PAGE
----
Physicians who believed patients preferred talking about weight more accurately judged their patients' motivation. In addition, physicians who perceived an obese patient to be unmotivated were more likely to perceive the patient did not want to talk about weight, however their report of how often they actually talked about weight loss was not affected by their perception of patient motivation. Across all patients, physicians reported that they talk about weight loss more often than they believe their patients prefer. These findings suggest that physicians who perceive a patient to be unmotivated and to prefer not to discuss weight may still provide weight loss counseling in accordance with clinical guidelines. However, their perception of low patient motivation may be qualitatively evident in communication patterns, e.g., they may not emphasize the importance of weight loss or provide fewer positive expectations with the patients they perceive to lack motivation.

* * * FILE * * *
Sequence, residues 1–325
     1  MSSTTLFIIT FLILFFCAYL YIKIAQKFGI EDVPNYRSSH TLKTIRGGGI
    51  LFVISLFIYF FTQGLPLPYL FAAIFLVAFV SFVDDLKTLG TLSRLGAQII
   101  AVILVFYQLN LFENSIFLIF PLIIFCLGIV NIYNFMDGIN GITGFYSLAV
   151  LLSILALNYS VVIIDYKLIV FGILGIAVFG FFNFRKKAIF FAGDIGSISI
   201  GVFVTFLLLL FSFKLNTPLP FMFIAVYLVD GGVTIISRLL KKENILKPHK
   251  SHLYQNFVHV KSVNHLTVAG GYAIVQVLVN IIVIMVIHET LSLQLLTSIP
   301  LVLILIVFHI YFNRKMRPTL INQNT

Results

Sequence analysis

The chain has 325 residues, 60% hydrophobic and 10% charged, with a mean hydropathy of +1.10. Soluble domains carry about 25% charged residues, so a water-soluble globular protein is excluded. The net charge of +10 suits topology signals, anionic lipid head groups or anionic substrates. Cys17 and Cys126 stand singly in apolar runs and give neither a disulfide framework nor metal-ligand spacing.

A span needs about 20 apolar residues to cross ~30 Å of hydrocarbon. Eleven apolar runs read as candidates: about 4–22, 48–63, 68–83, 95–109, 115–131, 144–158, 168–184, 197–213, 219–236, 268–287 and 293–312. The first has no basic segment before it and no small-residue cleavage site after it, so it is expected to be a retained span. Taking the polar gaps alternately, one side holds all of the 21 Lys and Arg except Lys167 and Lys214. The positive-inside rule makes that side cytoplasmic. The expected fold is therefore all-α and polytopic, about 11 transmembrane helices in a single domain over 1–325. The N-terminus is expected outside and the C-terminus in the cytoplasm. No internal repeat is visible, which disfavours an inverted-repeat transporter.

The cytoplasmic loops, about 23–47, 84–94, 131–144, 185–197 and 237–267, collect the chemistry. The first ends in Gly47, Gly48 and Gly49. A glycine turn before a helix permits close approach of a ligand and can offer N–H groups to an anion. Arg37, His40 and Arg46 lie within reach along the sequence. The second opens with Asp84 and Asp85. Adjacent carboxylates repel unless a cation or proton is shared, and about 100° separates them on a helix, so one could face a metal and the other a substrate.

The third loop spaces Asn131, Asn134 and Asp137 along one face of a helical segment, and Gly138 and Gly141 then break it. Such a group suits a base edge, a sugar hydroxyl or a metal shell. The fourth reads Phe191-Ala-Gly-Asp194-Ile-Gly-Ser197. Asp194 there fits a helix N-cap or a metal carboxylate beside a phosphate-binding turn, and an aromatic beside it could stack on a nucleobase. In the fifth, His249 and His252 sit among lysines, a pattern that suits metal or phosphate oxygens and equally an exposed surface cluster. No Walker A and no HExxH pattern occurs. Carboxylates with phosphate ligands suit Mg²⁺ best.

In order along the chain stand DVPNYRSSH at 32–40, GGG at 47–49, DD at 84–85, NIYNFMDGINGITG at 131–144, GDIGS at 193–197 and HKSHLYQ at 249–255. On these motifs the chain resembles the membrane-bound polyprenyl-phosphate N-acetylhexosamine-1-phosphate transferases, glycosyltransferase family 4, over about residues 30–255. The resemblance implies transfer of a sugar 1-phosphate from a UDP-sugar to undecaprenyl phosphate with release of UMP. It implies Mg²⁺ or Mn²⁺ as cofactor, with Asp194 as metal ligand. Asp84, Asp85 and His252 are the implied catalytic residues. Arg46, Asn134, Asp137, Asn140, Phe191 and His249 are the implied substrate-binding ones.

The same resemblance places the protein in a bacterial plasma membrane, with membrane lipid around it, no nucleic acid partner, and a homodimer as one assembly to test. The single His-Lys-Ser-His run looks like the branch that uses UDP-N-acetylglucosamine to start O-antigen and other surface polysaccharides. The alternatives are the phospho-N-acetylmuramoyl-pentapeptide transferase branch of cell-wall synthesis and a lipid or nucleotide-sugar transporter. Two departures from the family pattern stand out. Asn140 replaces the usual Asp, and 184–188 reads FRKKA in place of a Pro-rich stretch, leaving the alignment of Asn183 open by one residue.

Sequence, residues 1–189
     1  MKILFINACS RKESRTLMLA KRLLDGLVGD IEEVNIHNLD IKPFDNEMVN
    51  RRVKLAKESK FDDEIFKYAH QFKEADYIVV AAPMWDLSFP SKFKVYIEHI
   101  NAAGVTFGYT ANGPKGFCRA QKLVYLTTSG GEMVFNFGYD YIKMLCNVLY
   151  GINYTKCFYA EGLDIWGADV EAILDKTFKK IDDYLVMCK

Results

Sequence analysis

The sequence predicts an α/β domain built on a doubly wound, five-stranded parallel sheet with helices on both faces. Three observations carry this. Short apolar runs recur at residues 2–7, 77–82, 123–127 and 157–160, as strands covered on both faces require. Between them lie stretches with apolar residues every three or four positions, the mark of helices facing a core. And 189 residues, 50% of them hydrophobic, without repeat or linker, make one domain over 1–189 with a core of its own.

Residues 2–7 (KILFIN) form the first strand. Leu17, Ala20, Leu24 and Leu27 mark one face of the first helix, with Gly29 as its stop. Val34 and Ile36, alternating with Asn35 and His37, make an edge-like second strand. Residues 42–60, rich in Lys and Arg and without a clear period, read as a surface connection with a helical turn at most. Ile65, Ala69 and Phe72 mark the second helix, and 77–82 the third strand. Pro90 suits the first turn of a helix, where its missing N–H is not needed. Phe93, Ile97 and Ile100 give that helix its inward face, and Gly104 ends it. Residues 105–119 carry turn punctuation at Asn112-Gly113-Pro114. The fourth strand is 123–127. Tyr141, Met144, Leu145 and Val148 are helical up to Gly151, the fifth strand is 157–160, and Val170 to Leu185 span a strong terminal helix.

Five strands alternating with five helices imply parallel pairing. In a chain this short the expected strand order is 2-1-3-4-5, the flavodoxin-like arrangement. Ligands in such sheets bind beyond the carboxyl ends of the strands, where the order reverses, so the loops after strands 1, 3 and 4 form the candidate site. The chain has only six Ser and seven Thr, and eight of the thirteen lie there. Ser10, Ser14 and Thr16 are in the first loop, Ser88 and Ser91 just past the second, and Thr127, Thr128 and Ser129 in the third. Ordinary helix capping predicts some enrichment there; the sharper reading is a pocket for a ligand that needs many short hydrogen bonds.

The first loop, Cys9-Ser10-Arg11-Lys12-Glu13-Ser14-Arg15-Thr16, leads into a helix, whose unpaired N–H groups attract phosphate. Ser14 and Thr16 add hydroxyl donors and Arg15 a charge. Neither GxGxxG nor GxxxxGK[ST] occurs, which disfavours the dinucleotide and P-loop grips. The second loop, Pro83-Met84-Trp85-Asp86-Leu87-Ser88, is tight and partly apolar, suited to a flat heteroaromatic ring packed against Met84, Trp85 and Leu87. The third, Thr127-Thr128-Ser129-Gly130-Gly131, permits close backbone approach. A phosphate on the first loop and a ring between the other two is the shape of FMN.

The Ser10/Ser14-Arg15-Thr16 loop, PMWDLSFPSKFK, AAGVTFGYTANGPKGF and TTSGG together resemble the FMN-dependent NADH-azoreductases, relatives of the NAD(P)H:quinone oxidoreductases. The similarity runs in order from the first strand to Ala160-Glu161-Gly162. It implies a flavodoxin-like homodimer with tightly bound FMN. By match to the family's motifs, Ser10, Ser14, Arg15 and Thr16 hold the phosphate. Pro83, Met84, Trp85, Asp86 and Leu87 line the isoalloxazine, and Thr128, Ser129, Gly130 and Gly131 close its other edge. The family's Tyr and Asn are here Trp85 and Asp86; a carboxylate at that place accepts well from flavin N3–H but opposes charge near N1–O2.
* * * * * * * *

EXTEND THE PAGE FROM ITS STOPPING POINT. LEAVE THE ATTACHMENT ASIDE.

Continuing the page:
In turn, patients with high motivation and expectations for weight loss may be disappointed by comments from a physician who has a less optimistic and/or more realistic perspective. To the extent that differences in perceptions and expectations hinder positive communication, including both verbal and nonverbal exchanges, both parties may be reluctant to discuss the subject. This may be one explanation for why many physicians do not routinely counsel patients on weight loss,4,6,7 why many obese patients may not expect help from their physicians for weight control,4,6,7,20 or why, as one recent qualitative study reported, the subject of weight loss is rarely approached in primary care outside of casual opportunities to link it to an existing health condition.36